The Black Tides of Heaven is the first novella in the Tensorate quartet. The second book, The Red Threads of Fortune, came out the same day, and it can be read independently.
When I read JY Yang’s novelette Waiting on a Bright Moon earlier this year, I knew I had to try their novella series. And The Black Tides of Heaven did not disappoint.
It’s the story of two twins, Akeha (the story is narrated in his PoV) and Mokoya (who has a prophetic gift). We follow them from their birth to the days of the revolution that is forever changing the Tensorate. The constant time jumps did prevent me from connecting to them sometimes, but I was always invested in their story. It was painful to see them grow apart, even if that was inevitable – I almost cried multiple times. I loved them both, and I want to read more about them.
This is a novella, but no relevant character was completely one-dimensional. I even liked (liked to hate?) the villain – I like competent villainous women, and while we don’t see a lot of her, she seemed exactly that.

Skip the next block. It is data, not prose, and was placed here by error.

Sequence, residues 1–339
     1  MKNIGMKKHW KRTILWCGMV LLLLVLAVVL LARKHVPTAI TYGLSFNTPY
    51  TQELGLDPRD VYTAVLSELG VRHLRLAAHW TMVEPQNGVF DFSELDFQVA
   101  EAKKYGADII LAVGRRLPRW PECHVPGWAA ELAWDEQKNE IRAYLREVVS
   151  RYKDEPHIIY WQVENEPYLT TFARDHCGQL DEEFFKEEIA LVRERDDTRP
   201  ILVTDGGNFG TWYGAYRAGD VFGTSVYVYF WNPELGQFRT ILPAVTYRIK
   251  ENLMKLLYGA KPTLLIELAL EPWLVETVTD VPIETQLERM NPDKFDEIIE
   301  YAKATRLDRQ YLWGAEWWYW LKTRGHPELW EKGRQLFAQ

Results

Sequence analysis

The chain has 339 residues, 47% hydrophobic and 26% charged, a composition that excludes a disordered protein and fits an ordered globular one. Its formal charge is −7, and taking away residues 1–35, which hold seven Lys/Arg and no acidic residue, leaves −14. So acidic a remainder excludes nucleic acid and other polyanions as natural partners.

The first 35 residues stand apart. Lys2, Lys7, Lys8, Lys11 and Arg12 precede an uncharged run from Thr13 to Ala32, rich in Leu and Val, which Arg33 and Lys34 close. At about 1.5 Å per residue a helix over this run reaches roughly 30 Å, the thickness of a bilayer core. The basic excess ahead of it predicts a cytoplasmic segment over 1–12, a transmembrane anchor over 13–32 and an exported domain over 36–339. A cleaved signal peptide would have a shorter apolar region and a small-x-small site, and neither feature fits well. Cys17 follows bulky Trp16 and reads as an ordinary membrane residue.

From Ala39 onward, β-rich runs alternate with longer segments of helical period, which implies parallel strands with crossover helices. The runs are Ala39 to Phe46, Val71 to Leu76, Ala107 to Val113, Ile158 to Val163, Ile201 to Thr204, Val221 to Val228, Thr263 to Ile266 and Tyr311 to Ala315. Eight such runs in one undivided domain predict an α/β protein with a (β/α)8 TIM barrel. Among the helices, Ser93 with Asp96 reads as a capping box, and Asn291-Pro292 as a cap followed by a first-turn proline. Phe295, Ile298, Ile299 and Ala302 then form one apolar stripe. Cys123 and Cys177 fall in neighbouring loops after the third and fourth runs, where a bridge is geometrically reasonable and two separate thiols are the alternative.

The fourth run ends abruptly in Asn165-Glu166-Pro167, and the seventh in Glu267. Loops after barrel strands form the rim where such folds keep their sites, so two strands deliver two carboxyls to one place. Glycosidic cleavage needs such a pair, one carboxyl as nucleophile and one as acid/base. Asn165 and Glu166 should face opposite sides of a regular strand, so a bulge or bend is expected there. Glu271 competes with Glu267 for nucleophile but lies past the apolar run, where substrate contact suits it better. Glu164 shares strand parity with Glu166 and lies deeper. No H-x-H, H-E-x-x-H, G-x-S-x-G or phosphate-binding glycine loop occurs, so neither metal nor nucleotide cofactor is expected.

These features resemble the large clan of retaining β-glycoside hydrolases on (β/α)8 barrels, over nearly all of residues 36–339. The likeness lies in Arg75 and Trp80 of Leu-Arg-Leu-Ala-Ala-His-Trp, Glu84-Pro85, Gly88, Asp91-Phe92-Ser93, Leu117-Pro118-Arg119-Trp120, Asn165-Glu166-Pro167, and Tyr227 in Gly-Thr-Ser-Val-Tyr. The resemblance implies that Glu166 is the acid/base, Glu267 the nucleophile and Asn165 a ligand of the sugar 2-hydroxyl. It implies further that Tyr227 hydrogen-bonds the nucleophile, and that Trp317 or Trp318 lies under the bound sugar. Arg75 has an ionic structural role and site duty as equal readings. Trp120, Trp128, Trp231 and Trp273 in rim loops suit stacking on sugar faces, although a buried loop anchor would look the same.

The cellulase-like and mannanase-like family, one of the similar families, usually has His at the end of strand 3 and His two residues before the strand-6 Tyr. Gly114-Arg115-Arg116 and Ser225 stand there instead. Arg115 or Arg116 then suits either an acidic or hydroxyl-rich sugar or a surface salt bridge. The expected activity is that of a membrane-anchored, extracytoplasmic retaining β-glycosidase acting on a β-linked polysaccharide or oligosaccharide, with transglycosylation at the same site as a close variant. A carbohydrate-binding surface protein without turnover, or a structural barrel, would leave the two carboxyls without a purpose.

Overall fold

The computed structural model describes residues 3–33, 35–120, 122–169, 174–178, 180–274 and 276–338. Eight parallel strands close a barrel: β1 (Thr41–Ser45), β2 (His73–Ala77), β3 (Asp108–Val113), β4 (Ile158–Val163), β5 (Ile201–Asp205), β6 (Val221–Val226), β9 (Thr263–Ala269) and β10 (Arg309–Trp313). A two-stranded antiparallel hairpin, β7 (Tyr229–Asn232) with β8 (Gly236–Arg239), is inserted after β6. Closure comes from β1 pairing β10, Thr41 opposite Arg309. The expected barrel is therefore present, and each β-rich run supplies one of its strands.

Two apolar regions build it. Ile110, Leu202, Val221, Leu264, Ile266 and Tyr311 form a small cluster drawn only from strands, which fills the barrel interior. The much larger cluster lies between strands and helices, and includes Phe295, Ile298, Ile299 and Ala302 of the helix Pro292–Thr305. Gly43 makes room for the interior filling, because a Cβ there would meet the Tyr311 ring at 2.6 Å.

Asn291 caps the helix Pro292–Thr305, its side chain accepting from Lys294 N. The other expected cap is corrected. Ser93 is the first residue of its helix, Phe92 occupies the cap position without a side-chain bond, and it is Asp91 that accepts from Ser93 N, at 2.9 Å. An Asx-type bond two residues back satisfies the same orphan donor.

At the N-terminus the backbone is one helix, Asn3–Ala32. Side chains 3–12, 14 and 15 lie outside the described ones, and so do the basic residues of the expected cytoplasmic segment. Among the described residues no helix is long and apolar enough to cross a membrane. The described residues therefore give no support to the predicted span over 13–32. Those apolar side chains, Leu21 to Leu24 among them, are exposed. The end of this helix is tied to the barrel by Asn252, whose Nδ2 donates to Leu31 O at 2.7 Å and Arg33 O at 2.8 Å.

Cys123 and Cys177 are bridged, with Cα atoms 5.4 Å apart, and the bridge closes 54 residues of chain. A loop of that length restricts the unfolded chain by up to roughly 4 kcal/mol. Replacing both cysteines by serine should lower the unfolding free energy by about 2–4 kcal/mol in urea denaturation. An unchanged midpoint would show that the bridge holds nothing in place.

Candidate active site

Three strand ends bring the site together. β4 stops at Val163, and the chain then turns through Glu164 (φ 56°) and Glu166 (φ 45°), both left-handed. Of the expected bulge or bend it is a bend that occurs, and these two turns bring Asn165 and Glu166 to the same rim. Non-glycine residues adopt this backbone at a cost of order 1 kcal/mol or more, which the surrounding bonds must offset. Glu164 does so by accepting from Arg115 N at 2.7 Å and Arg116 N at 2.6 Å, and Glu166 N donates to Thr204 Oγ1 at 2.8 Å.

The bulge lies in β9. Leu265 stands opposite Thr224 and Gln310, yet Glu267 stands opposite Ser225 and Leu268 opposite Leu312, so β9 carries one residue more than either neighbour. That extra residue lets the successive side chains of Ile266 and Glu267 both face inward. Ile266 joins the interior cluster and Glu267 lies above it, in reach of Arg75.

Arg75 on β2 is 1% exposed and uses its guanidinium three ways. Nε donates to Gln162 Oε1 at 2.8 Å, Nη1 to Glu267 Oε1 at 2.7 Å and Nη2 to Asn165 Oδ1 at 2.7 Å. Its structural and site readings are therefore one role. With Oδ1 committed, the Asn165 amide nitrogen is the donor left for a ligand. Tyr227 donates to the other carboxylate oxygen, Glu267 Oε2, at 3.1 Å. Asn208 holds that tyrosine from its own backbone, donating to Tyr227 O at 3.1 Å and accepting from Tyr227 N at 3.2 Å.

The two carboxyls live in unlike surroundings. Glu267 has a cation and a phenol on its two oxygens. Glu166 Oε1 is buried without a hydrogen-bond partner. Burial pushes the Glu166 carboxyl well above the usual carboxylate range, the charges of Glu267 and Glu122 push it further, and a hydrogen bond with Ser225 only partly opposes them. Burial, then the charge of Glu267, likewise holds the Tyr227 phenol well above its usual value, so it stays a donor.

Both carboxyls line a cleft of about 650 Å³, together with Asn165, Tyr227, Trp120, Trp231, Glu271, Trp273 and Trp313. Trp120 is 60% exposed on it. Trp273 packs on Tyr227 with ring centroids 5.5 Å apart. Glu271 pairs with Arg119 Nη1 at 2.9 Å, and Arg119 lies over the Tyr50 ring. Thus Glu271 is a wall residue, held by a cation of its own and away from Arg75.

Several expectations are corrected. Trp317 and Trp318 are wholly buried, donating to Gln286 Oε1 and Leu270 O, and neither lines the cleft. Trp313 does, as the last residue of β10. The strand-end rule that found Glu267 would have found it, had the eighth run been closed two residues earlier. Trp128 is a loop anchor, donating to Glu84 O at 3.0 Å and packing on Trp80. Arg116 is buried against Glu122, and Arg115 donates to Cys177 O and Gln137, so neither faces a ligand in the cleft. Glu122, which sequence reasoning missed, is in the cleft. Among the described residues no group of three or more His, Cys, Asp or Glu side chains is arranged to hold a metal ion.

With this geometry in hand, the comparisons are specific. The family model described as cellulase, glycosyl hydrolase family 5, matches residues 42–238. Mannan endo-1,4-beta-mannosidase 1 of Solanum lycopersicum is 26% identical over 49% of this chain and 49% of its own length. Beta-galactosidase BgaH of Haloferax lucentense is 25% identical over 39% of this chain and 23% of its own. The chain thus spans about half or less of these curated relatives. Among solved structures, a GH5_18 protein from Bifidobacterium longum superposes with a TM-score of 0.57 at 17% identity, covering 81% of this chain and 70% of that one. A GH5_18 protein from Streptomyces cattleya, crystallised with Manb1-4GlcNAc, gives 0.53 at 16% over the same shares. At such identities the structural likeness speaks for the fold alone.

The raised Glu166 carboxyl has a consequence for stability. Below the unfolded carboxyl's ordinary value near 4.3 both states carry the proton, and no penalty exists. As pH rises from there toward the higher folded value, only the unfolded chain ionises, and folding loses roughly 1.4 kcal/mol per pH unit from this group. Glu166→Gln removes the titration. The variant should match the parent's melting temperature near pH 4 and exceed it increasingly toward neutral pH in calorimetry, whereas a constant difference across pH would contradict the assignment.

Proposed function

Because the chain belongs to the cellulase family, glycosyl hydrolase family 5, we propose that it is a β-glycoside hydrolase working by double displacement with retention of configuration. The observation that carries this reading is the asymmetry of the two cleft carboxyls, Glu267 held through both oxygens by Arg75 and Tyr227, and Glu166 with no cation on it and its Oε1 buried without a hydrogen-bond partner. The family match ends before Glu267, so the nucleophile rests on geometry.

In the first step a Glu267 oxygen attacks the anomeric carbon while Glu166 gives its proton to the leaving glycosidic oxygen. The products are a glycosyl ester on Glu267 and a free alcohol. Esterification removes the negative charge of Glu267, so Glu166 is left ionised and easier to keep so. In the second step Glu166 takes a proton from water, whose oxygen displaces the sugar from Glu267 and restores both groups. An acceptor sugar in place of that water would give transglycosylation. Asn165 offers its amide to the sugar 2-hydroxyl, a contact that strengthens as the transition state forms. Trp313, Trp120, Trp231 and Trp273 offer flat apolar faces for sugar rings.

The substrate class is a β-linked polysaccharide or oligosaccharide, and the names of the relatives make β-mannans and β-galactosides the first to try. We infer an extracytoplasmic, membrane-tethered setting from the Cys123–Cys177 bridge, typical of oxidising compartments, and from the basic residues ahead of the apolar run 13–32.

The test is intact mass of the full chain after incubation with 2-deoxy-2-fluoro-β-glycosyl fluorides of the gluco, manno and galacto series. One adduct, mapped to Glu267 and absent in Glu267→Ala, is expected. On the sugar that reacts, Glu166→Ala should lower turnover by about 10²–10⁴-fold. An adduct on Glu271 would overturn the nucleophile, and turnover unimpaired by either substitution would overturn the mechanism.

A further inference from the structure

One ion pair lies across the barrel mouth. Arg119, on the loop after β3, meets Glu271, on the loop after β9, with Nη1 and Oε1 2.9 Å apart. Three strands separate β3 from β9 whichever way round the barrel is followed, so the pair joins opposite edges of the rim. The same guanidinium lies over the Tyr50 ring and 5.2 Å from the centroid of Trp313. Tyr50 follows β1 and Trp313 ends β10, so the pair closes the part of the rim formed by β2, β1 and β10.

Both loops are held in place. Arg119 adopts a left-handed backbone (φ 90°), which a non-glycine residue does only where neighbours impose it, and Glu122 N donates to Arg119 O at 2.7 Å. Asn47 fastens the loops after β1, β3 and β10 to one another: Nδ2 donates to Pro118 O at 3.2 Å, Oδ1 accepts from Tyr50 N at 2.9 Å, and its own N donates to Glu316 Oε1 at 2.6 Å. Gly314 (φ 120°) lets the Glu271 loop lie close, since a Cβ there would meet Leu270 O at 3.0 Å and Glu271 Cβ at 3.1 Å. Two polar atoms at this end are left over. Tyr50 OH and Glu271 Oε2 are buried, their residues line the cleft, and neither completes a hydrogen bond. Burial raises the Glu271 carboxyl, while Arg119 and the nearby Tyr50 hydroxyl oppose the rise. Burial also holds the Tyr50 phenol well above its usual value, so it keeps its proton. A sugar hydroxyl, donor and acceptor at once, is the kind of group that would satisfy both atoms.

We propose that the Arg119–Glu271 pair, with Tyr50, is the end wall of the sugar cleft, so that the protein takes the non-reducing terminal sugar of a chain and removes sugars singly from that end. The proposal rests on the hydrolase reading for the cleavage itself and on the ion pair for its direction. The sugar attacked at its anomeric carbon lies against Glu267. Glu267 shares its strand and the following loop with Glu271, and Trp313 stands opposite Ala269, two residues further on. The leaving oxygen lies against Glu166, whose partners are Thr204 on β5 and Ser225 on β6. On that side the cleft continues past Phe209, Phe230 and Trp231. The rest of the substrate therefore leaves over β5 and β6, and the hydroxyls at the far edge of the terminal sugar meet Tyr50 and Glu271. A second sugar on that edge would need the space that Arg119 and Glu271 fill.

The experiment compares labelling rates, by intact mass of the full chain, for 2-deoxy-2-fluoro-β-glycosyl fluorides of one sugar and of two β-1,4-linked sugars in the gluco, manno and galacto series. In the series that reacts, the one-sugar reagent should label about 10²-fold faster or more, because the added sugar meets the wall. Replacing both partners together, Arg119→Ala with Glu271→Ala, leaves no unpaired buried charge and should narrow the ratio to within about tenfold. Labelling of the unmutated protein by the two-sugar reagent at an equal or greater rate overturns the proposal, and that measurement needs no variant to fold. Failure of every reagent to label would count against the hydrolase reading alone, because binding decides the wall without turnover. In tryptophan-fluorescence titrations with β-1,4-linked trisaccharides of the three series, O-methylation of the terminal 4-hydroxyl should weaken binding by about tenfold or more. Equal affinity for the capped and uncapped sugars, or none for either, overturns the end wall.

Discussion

I already knew I loved this author’s writing, and this novella just confirmed it – the descriptions of the magic and of the Protector’s palace were beautiful.
I loved the worldbuilding. It’s speculative fiction in a non-western setting, with a very interesting magic system and an approach to gender and sexuality that I had never seen before.
I like reading about worlds where not only we have an all-queer cast (which is always great) but there’s no allo/cis/heteronormativity.
In this world, children are genderless until they choose to be confirmed as [gender]. Then they can change the way their bodies look, if they want to; some do, others don’t, for various reasons. And there are many characters with lovers of their same gender.
In this world, magic users are Tensors, and they can work with the “Slack” by pulling the five natures (Earth, Water, Fire, Forest and Metal). It’s never really explained, but I didn’t have a problem with that – I could visualize everything, and I like when SFF books (especially if they’re adult) don’t spoon-feed me information. Maybe I won’t understand everything immediately, but that means the book will be even more interesting when I reread.
Because I will reread this, I already know.
The only thing I didn’t love was the romance – I didn’t feel it, but that happens with most romantic relationships I read, so it didn’t bother me that much. Also, there’s never that much space to develop relationships in short fiction.
The saying goes, “The black tides of heaven direct the courses of human lives”. To which a wise teacher said, “But as with all the waters, one can swim against the tide.”
My rating: ★★★★¾
Have you read The Black Tides of Heaven? Do you want to, and from which book would you start to read the series?